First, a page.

CONCORD — An effort to introduce a new form of wagering at New Hampshire’s 16 charity gambling locations failed on Thursday.

The House rejected a Senate-passed bill to allow historic horse racing video machines, which allows bettors to wager on horse races that have already happened.

Supporters of the measure such as Rep. Patrick Abrami, R-Stratham, said it was necessary to help the 584 charities in the state that rely on revenue from charitable gambling avoid the diversion of New Hampshire gamblers to the new casino opening up in Everett, Mass.

“The Lottery Commission agrees, especially in the southern tier, our charities are going to take a hit, so this comes in the nick of time,” he said.

Critics of the proposal described the bill, SB 41, as a cleverly disguised effort to bring slot machines to New Hampshire.

Rep. Jerry Stringham, D-Lincoln, said the 16 sites would share 800 to 1,000 machines, about 50 per location.

“Combined with existing table games, these facilities will become mini-casinos. That’s very different from the way they operate today,” he said. “The proponents deny this, while at the same time saying they need these machines to compete with the real casinos like the one about to open in Everett, Mass.”

The House has over the years repeatedly defeated casino bills sent over by the Senate.

“We’ve been the backstop against casinos in this state,” said Stringham. “Please don’t be taken in by this backdoor effort to create not one but 16 casinos in our state.”

The measure was defeated in a bipartisan vote, with 64 Democrats joining 93 Republicans.

Lobbyist Rick Newman, who represented charities in the legislative process, said lawmakers were influenced by an aggressive lobbying campaign funded by the Oxford Casino in Maine.

“The out-of-state casinos won today, but New Hampshire citizens lost,” he said.

Other House bills

Wayfair decision: The House passed SB 242, a measure designed to help the state address last year’s Supreme Court decision in South Dakota v. Wayfair, in a 308-25 vote.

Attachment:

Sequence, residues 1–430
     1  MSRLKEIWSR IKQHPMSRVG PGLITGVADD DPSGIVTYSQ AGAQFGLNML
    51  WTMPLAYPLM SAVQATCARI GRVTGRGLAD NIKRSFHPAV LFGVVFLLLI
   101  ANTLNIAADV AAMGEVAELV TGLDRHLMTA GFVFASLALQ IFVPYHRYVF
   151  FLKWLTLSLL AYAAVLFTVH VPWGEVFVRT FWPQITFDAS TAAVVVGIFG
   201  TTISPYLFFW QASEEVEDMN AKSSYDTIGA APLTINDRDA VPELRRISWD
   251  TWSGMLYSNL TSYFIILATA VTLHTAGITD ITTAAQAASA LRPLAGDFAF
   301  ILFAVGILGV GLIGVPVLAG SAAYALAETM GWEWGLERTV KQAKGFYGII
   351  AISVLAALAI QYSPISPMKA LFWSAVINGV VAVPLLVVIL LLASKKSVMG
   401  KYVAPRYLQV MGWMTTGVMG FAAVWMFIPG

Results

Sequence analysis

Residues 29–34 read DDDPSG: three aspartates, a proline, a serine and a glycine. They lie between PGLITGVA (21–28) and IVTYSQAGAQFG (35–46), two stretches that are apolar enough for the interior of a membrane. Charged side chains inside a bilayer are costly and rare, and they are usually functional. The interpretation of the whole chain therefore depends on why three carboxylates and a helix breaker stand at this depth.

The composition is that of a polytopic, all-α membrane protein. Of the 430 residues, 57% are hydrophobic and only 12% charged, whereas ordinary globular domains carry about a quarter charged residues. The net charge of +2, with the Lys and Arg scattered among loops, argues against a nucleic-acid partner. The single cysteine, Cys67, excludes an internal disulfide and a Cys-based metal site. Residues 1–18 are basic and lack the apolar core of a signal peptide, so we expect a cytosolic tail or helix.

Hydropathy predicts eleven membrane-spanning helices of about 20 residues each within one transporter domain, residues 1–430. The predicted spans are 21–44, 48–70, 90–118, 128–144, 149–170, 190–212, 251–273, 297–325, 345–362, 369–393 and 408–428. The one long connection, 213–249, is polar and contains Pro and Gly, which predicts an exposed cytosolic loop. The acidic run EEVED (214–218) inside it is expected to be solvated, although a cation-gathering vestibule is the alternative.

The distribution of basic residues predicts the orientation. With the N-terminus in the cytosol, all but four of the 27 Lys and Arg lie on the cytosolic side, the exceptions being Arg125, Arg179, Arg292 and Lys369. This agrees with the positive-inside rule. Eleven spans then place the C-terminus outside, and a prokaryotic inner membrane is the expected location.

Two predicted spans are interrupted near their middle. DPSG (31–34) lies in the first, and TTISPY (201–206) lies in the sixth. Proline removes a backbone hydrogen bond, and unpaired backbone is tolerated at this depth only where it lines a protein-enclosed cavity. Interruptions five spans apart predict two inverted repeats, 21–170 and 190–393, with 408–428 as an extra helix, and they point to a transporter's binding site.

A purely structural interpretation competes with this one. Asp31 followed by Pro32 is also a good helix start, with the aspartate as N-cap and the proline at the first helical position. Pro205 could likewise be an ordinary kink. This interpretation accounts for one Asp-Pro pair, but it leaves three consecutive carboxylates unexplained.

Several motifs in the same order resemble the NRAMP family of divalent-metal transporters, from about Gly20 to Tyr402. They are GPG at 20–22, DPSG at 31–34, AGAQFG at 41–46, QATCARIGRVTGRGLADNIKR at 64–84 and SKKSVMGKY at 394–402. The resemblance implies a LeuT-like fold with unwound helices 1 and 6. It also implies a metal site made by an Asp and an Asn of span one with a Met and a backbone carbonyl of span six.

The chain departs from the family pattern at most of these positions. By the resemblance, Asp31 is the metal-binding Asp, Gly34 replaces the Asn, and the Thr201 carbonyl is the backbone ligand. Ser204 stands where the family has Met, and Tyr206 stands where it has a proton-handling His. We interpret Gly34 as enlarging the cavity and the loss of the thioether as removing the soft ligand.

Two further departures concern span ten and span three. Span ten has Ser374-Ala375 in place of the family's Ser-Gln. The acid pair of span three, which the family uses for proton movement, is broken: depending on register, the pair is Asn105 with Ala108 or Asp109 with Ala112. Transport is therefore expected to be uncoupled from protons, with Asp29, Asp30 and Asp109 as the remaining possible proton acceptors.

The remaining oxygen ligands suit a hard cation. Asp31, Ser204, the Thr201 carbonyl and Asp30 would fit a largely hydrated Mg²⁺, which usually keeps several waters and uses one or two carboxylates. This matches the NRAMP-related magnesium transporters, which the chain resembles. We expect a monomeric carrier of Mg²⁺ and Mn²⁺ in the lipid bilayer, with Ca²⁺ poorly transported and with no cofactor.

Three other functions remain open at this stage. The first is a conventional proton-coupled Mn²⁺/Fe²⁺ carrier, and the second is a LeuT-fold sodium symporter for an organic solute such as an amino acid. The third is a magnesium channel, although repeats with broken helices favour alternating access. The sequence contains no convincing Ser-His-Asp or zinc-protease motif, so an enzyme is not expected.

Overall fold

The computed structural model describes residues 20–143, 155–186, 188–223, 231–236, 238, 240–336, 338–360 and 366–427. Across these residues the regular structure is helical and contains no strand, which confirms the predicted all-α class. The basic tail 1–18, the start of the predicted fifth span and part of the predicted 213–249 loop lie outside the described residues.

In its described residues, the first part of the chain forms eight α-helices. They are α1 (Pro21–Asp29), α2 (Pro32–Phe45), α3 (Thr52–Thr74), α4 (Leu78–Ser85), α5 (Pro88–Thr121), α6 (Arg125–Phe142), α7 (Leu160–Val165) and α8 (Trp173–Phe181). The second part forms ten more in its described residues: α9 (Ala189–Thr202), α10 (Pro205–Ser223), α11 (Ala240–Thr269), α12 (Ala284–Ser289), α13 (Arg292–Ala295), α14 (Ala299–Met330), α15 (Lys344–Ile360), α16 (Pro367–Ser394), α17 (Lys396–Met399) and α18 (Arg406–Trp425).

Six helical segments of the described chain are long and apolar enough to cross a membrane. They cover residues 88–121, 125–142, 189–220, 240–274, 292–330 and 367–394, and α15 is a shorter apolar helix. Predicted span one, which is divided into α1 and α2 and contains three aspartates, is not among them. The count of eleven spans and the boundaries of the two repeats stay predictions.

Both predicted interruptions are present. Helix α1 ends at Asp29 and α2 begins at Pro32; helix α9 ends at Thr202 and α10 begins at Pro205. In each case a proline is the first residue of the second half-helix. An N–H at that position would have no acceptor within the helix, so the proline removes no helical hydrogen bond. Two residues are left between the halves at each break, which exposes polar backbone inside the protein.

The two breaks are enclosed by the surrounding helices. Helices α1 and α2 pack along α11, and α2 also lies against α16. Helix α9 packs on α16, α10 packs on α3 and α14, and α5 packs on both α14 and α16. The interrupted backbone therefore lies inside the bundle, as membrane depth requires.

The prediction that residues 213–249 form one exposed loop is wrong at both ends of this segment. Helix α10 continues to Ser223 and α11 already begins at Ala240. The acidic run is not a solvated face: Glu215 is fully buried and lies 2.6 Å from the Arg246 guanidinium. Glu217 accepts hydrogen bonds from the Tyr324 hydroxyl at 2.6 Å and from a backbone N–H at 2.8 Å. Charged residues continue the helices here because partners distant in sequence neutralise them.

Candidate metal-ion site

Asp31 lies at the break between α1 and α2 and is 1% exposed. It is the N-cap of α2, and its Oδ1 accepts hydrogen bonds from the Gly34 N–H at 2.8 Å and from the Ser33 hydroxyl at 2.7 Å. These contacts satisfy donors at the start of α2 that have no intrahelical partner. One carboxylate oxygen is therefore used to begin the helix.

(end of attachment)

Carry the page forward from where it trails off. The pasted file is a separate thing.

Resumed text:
The U.S. Supreme Court ruled last June that states like South Dakota, which has a sales tax, could collect that tax from online retailers in other states that sell to South Dakota customers, including the five states like New Hampshire that do not have a sales tax of their own.

SB 242 prohibits other states or taxing jurisdictions from requesting information, conducting examinations or imposing sales tax obligations on sellers in New Hampshire, unless they register with and provide notice to the New Hampshire Department of Justice.

The bill also establishes a commission to study ways to protect New Hampshire businesses from the uncertainty created by the Wayfair decision.

“This is truly a rock-solid bipartisan effort, but our work may not be over,” said House Republican Leader Dick Hinch, R-Merrimack.

“I look forward to continuing to work on this issue as the legal landscape develops. We must continue to be vigilant and not turn our state’s small businesses and entrepreneurs into tax collecting agents for other states and jurisdictions.”

Commuter rail: The House voted 213-141 today to pass SB 241, which authorizes the DOT to apply for some $4 million in federal funds to complete a project development study for a rail connection to Boston, which is included in the governor’s 10-year transportation plan.

The funds would pay for an engineering plan and environmental permitting, while establishing firm cost and revenue estimates.

“The project development phase does not obligate the state to move forward with rail construction, but it will answer the questions about how much passenger rail would cost, how it would be paid for, and give us the necessary information to make informed decisions,” said Rep. Sue Newman, D-Nashua.

Gov. Chris Sununu included a commuter rail connection to Boston in the state’s unsuccessful pitch to Amazon to build their second headquarters in New Hampshire.